Summary of our trip to San Francisco
So, that's it for our San Francisco Trip. We had a great time
being on the water for 56 days ... almost 2 months. We
travelled about 1370 miles in 320 hours spread over 37 days,
or an average of about 8.5 hours per travel day.
We actually sailed about 90 hours for 280 miles or so,
comprising about 28% of our travel time and about
20% of the total distance covered.
We spent 7 nights on the ocean,
10 nights at anchor, were on moorings for 5 nights, and
spent the rest of the 34 nights at marinas, of
which 4 were sister Almar marinas, 3 were public
marinas, and 2 were at Yacht Clubs.
We stopped 6 times at gas stations and used approximately
125 gallons of fuel for an average of just slightly
over 10 nautical miles per gallon. We changed the oil 3 times,
washed the boat 3 times and did laundry 5 times over the
course of the trip.
We saw at least 18 whales, 50 or more dolphin, dozens of
sea otters, and innumerable birds and fish of all types.
We met a lot of interesting people, ate a lot of good food, and
had our share of cocktails in some of the nicest places.
But statistics alone cannot tell the whole story of our trip.
We fell in love with every aspect of sailing. There are so many
positives to it. By being outside nearly every day we felt healthier
and stronger at the end of the trip than we did at the beginning.
We enjoyed our increased appetites almost as much as we did the
sense of solitude that we found many times, in many places.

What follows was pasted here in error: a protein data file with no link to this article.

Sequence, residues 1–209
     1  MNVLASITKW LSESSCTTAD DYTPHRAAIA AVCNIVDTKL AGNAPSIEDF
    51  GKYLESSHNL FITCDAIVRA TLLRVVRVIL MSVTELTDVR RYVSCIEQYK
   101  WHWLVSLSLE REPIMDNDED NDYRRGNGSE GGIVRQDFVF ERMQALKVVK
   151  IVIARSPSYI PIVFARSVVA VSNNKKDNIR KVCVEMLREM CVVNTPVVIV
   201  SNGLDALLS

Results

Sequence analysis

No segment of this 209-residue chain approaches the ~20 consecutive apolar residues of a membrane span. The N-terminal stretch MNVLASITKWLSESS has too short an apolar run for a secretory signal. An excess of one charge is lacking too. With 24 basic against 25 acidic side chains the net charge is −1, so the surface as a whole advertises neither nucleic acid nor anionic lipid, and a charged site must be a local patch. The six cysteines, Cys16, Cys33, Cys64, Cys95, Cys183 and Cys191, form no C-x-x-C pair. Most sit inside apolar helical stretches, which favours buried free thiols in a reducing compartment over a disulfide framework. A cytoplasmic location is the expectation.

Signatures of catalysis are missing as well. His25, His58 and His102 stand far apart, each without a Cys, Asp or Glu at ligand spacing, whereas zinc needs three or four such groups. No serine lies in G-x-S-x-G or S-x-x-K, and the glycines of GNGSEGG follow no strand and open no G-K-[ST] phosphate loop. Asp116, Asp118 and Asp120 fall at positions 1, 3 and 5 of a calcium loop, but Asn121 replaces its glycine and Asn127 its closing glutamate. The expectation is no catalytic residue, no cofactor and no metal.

And we ended up feeling as at home on Mandala, perhaps more so,
than we do on land.
It's hard to explain.
Someone asked me, "Did you find it difficult to be on the ocean, always moving,
for two months?", and I could only look at them blankly and try to answer.
No it was anything but difficult to spend two months going where you please,
at a rate that is so gentle and human, with the sea and the birds as your
backyard, and the ocean as your highway.
If anything, it was as completely natural a way as there is for humans
to travel and see the world. Think that boats were probably invented
before the wheel, and you'll understand. All thru human history, almost
all travel, until this century, was done by water. Most of the greatest
cities in the world are sea-ports, and most of the oldest cities are
on sea coasts. Most ancient civilizations had boats far before the
horse was even domesticated.
No, I wanted to tell them, it's not sailing that's difficult.
It's living on land ! This was particularly noticable as we
had to once again get on the Freeway and drive at breakneck
speeds to get to our home in the suburb. And every day to listen to the
sounds of traffic, the barking of dogs at night, and to
confront hundreds of people competing for little strips of
concrete getting to work each day. That's difficult.
Sailing up to San Francisco and back was not difficult :-)
It was Fun!
And we can't wait until our next adventure!
- Pat Horton